Six months ago, one of our major customers challenged us to integrate OpenAI and our search platform Fusion for an employee experience use case. They viewed both of us as their strategic vendors and wanted to see how much value they can extract by leveraging large language models, but still maintain the controls and user experience Fusion provides for their employees.

Since then, we’ve seen very strong interest for an integrated ChatGPT and Fusion experience across multiple use cases (Commerce, Knowledge Management, Customer Service, etc). There is a lot of hype around ChatGPT as of late. While some customers ask why they need a search platform in addition to ChatGPT, it’s important to underscore that a robust search platform is still required to get the full value out of large language models such as ChatGPT.

To learn more, watch our demo video below or continue reading.

Some benefits of an integrated ChatGPT and Fusion solution:

  • Guardrails and control – limit ChatGPT responses to your catalog and document
  • Data enrichment – extract metadata and send back to Fusion for future use
  • Security – filter out products and documents by userid or segment
  • Seamless, integrated experience between ChatGPT and Fusion, including facets
  • Non-product content – ask ChatGPT about complementary content
  • Predictive Merchandiser – merchandiser control of product display
  • Personalization and Recs – leverage Recs in Fusion to display in ChatGPT
  • Connectors – connect any data and use as training data for ChatGPT
  • Signal collection and training processes – system continually improves with your data and user behavior
  • Performance – users tend to bounce quickly with slow response times, which is typical of a chat experience

Another limitation of ChatGPT is its lack of knowledge around domain-specific content. While it can generate coherent and contextually relevant responses based on the information it has been trained on, it is unable to access domain-specific data or provide personalized answers that depend on a user’s unique knowledge base. Users should, therefore, exercise caution when seeking advice or answers on such topics solely from ChatGPT.


How do we do it? One key differentiator between Fusion and other search engines is that customers can bring in any machine learning model into Fusion, including large language models such as ChatGPT, Bard (Vertex PaLM API, Bloom, etc). Fusion’s flexible index and query pipelines allow Fusion to transform a large language model response (including entity enrichment and others).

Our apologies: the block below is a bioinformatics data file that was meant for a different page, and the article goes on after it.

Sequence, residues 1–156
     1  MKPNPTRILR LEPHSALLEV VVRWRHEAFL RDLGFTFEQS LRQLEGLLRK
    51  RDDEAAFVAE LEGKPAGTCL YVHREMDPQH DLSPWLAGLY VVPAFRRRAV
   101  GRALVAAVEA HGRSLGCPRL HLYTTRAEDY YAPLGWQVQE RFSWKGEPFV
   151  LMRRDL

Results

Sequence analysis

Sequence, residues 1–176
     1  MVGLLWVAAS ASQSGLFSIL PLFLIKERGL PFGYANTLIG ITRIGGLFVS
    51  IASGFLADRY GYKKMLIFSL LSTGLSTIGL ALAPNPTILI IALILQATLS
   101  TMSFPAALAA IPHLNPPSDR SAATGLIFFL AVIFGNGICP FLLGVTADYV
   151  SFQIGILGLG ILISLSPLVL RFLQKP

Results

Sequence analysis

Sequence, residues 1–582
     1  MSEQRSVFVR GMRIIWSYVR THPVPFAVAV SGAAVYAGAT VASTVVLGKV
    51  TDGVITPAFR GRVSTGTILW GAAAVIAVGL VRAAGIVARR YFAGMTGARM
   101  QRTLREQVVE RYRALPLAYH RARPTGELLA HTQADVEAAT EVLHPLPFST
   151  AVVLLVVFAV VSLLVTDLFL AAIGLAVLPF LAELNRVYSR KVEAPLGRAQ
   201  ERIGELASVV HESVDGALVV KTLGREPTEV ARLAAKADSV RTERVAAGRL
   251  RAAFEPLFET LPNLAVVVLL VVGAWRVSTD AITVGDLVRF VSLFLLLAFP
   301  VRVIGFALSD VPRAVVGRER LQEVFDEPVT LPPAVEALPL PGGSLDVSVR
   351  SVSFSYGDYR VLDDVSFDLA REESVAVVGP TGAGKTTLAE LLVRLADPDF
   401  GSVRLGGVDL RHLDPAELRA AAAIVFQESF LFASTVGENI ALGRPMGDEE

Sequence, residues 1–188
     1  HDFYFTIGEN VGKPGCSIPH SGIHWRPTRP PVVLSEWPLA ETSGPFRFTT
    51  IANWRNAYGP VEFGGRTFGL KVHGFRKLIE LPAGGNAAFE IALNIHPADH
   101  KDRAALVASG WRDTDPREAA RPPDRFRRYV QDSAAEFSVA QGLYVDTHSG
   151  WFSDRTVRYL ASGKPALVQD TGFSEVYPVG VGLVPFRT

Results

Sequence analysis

In the flow diagram below you will see how all queries are routed through Fusion query pipeline first, including the ChatGPT response. This allows Fusion to interpret the ChatGPT response and do a number of things before returning the message to the user. For example, extract entities, facets, recs, and filter out unwanted data.

The same can be done at index time, which is a big cost of ownership driver for enterprises. For example, instead of calling ChatGPT API at query time, you do this at index time to enrich the metadata for your catalog or document index. There are a lot of advantages in enriching your data using large language models at index time.

By controlling the ChatGPT response, you can see in this demo below a fully integrated, seamless experience with Fusion and ChatGPT. Fusion extracts the entities from the ChatGPT response and uses them for entity extraction, facets, and boosting. The product listing in the chatbot comes from another Fusion Query Pipeline, which can be powered by recommendations, personalization, or even boost/bury rules driven by Predictive Merchandiser (merchandiser tooling). Under the search bar, we extract “user intents” from various ChatGPT questions for further personalization.

Below is an example of a Fusion Query Pipeline. Pipelines execute from the top down. You’ll notice we use multiple ChatGPT Prompts to initialize and fine tune the responses that come back to Fusion. For example, you can use a Prompt to extract entities from the response (ie, Brand, Vintage, Region). Once we have that metadata from ChatGPT, we can map to things in Fusion like Facets or use for relevancy boosting. We can also use a prompt to get more information from the response, such as “In two words or less, tell me what this user is asking”. This is great for personalization use later down the product discovery journey.

Later Query Pipeline stages do things like understanding price intent, and apply business rules that may be defined in Predictive Merchandiser (merchandiser UI).

The additional power in this example is leveraging a Query Pipeline stage to get more context from a GPT LLM. Here is an example of a Prompt ChatGTP stage. The Prompt to ChatGPT is simply “In a word or two, what’s the main topic of the following query”. The responses are then used to power the “Search by Interest” links under the search bar, which can be used for future personalization. These can be used in session and/or stored in a Fusion collection for future use. You can have multiple Prompts, including finely tuned classifier stages.

Demo image.

You can use ChatGPT Prompts for other things like non-product content as well. For example, on the PDP, write a Prompt “What food goes well with this wine?” This can also be controlled from Predictive Merchandiser.

In summary, Fusion grounds large language models in the truth. We have demos ready now for ChatGPT (OpenAI GPT4), Bard (Google Vertex PaLMAPI), and other large language models. Contact us for more information or a demo of your own data.

About Brian Land

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